So it is not possible to do the kind of route filtering that we discussed for RIP and EIGRP in Chapters 6 and 7, respectively. The only filtering we can do is to prevent a router from installing a route learned via OSPF into its routing table. This way the link state database remains intact on every router in the area. If you really want to break up the forwarding of LSA information, then you should subdivide the area.

You can see the effect of the inbound distribute list by looking at the routing table both before and after applying the filter. Before the inbound filter is enabled, you can see that the route is there:

Router5#show ip route 172.20.10.0
Routing entry for 172.20.10.0/24
 Known via "ospf 87", distance 110, metric 74, type inter area
 Last update from 172.18.5.3 on Ethernet0/0, 00:00:09 ago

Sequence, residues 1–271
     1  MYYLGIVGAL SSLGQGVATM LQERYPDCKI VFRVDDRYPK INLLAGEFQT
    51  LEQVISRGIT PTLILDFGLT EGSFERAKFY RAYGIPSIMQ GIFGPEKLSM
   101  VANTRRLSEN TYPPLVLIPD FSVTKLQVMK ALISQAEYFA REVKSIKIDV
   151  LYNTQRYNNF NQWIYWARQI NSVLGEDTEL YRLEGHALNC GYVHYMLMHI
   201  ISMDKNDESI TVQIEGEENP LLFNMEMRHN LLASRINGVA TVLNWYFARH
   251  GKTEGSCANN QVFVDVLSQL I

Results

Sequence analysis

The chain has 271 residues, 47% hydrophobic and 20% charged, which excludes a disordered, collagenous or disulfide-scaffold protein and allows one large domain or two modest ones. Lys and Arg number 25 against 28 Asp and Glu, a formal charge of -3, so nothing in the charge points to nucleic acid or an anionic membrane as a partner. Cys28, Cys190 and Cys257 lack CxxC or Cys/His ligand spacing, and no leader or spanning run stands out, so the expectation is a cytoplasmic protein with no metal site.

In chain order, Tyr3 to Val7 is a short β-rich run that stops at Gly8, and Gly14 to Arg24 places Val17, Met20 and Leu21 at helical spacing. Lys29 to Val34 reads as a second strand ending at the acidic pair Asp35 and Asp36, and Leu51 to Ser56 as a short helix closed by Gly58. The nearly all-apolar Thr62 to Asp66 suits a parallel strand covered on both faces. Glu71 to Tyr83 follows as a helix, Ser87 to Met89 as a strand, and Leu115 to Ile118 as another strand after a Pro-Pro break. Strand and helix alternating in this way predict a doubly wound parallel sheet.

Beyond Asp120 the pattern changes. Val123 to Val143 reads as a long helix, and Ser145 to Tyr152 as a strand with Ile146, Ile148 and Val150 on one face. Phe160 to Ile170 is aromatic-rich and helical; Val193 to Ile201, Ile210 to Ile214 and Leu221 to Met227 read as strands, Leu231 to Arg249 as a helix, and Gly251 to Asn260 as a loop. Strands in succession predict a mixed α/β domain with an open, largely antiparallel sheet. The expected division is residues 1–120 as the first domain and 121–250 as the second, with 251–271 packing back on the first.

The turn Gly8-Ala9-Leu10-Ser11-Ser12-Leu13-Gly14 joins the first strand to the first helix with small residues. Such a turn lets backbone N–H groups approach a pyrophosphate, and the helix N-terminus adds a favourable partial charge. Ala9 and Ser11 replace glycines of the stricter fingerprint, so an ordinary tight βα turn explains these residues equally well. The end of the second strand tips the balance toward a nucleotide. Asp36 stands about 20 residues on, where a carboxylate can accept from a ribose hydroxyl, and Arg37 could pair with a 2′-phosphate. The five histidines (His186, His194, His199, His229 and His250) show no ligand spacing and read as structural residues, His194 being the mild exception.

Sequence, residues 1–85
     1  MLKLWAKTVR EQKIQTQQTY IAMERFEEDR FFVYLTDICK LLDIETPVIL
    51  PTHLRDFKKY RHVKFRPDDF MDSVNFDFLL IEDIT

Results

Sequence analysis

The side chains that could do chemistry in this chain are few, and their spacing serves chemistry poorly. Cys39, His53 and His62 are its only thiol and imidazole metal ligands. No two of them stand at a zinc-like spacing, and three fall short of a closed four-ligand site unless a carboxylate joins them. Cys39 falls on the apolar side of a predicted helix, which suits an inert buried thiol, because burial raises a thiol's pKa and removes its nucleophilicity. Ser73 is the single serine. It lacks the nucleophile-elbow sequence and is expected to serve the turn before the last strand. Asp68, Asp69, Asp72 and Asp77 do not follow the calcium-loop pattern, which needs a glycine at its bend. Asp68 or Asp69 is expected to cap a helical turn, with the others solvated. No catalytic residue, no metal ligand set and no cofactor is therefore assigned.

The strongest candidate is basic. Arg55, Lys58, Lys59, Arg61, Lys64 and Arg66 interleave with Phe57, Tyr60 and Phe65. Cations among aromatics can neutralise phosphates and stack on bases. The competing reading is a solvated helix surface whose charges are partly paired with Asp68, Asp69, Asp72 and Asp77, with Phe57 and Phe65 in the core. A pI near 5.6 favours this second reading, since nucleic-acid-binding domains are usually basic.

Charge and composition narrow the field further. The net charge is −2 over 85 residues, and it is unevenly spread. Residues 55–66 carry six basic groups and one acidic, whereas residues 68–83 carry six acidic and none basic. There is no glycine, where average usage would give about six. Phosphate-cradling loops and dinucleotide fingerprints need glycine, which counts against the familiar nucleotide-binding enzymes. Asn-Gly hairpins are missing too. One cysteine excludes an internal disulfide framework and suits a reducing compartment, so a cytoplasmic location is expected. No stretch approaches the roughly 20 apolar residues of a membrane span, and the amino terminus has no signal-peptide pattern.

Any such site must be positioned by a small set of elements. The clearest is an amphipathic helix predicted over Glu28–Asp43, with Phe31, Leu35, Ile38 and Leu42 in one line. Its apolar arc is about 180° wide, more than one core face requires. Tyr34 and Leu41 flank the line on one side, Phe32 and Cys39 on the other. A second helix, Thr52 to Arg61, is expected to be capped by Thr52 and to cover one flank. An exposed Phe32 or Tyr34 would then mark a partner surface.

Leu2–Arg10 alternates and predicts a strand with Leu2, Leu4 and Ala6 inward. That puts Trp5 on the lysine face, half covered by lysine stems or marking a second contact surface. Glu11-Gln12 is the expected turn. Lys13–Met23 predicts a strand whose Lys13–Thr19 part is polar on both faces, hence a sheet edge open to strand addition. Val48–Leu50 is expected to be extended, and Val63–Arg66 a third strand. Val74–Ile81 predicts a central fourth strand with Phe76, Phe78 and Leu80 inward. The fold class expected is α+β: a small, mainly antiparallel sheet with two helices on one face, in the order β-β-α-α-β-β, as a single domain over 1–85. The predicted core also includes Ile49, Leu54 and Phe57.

Routing Descriptor Blocks:
 * 172.18.5.3, from 172.19.2.1, 00:00:09 ago, via Ethernet0/0
 Route metric is 74, traffic share count is 1
Router5#

Then, after we apply the filter, the route is gone:

Router5#show ip route 172.20.10.0
% Subnet not in table
Router5#

However, the show ip ospf database command shows this LSA is still in the database:

Router5#show ip ospf database

 OSPF Router with ID (172.18.6.1) (Process ID 87)

 Router Link States (Area 10)

Link ID ADV Router Age Seq# Checksum Link count
172.18.6.1 172.18.6.1 108 0x80000005 0x008367 4
172.19.2.1 172.19.2.1 144 0x80000004 0x00C25B 1
192.168.2.3 192.168.2.3 109 0x80000006 0x001DDE 4
192.168.2.5 192.168.2.5 109 0x80000006 0x007CFD 3

 Net Link States (Area 10)

Link ID ADV Router Age Seq# Checksum
172.18.5.3 172.19.2.1 144 0x80000003 0x001612
192.168.1.1 172.18.6.1 208 0x80000001 0x007CE5
192.168.2.1 172.18.6.1 208 0x80000001 0x0071EF

 Summary Net Link States (Area 10)